Gonzales Fends Off Hostile House DemocratsMay 10, 2007 23:36 Attorney General Alberto R. Gonzales acknowledged for the first time Thursday that other U.S. attorneys may have resigned under pressure from the Justice Department, but said their departures were unrelated to the controversial mass firing of eight prosecutors last year.

In an often testy House Judiciary Committee hearing, Democrats sought to expand their inquiry beyond the eight prosecutors to broader questions about political interference in Justice Department cases. But Gonzales frustrated them by calmly deflecting most of their questions. And unlike the bipartisan grilling he endured in the Senate last month, several Republicans came to his defense, indicating that Gonzales may have passed the worst of the crisis that has put his job in jeopardy.

Democrats on the committee pressed him about recent revelations about an exodus of prosecutors in other offices, in some cases in battleground states that have been central to Republican political fortunes.

Gonzales confirmed the resignation last year of Todd P. Graves, the former U.S. attorney in Kansas City. But he denied charges by Democrats that Graves had been forced out for balking at a voter fraud suit being pushed by Justice headquarters.
  Gonzales: The Lawyer Who Lied To The JudgeMay 02, 2007 15:18 The Washington Post's Dan Eggen this morning reports that in November 2005 Attorney General Alberto R. Gonzales apparently misled a federal judge in Montana about the status of William W. Mercer, the U.S. Attorney for the state. The nation's top lawyer and chief law enforcement official reportedly told the judge that Mercer was not breaking the law by spending his time working in Washington (for the Justice Department) and not Montana (for the people of his state). But this evidently was not true. Because on the same day, Eggen reports, "Mercer had a GOP Senate staffer insert into a bill a provision that would change the rules so that federal prosecutors could live outside their districts to serve in other jobs, according to documents and interviews."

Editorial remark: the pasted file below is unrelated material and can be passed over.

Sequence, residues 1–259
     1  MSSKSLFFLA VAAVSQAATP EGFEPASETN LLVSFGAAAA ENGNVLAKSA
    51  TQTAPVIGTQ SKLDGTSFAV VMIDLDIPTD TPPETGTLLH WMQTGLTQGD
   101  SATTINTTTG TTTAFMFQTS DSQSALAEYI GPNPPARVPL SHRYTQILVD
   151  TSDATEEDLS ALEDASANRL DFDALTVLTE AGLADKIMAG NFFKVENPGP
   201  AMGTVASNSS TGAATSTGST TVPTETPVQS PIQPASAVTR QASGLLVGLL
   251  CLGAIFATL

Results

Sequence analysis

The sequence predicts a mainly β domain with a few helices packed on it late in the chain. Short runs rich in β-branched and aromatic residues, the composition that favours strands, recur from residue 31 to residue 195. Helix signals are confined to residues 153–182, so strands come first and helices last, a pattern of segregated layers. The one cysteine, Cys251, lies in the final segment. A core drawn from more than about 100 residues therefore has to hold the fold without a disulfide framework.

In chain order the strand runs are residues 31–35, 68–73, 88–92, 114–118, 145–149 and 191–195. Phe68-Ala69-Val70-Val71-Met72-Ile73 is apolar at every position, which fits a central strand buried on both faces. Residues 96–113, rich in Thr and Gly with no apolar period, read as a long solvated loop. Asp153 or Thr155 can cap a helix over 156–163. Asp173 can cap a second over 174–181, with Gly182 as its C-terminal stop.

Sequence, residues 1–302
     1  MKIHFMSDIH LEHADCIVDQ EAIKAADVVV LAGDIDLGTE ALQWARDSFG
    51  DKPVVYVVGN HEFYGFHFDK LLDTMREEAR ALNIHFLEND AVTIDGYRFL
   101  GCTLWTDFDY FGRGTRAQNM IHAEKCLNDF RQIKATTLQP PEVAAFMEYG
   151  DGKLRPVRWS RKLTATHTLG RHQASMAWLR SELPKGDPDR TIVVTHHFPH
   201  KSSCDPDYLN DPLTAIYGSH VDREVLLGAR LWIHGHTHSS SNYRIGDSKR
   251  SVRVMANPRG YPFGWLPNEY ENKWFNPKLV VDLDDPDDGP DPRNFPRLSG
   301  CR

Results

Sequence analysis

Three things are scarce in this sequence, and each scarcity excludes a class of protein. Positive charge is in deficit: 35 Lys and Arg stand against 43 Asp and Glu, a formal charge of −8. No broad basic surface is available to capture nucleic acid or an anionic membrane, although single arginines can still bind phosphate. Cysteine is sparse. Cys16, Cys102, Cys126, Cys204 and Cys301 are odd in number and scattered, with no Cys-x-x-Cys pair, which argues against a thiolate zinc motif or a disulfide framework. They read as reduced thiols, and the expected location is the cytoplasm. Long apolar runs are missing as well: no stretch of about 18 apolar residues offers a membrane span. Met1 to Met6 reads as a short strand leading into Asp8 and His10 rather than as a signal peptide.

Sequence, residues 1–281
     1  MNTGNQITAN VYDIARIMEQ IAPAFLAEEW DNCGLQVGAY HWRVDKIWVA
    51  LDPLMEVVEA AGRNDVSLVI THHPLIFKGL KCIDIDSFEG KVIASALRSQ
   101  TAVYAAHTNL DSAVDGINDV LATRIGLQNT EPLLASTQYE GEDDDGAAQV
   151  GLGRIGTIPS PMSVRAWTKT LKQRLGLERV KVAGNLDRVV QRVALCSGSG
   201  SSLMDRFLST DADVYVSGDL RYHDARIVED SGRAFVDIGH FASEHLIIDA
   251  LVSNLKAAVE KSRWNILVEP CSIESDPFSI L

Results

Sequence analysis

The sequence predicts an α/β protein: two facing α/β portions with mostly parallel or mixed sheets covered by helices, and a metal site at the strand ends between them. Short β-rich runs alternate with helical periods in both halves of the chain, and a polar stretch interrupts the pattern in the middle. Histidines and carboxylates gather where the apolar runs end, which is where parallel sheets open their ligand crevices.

Eggen writes: ".... [T]he episode, which received little notice at the time, provides another example in which Gonzales's statements appear to conflict with simultaneous actions by his aides in connection with U.S. attorney policies.... The measure also provides the second example in which the Justice Department sought to use the renewal of the Patriot Act antiterrorism law to assert tighter control over U.S. attorneys. Another provision sought by the Justice Department allowed Gonzales to appoint U.S. attorneys indefinitely without Senate input. Since repealed, it was central to the uproar over the prosecutor dismissals."

The piece is devastating and further proof to anyone who is following this story that so long as Gonzales remains in office there will be these sorts of drip-drop embarrassments. Just think about it. In this latest case, the Attorney General was unwilling or unable to accomplish one of the most basic tasks and responsibilities of being a lawyer-- telling the judge the truth. What a terrible example to set. And what a terrible standard he sets every day he remains in office.

 
  Gasp! Wolfowitz Lied!May 02, 2007 11:10 World Bank President Paul Wolfowitz lied at a hearing on Monday when he said a bank ethics panel had advised him to give his girlfriend a promotion, the Dutch news agency ANP reported Wednesday.
Ad Melkert, chairman of the ethics committee at the World Bank at the time, told a Dutch TV program Tuesday that Wolfowitz "certainly did not tell the truth," ANP said.
Melkert is the former Dutch social affairs minister and a former leader of the Dutch Labor Party, one of the three parties in the current coalition government.
"We are said to have approved the remarkable pay package for Ms. (Shaha) Riza and that was not at all the case," he said in television program NOVA.
Riza had to be transferred because she was in a relationship with Wolfowitz when he was appointed president of the bank. A promotion was justified in order to compensate for the disruption of her career, Melkert said.
But Melkert said Wolfowitz gave his girlfriend a higher promotion than recommended and an excessively high salary.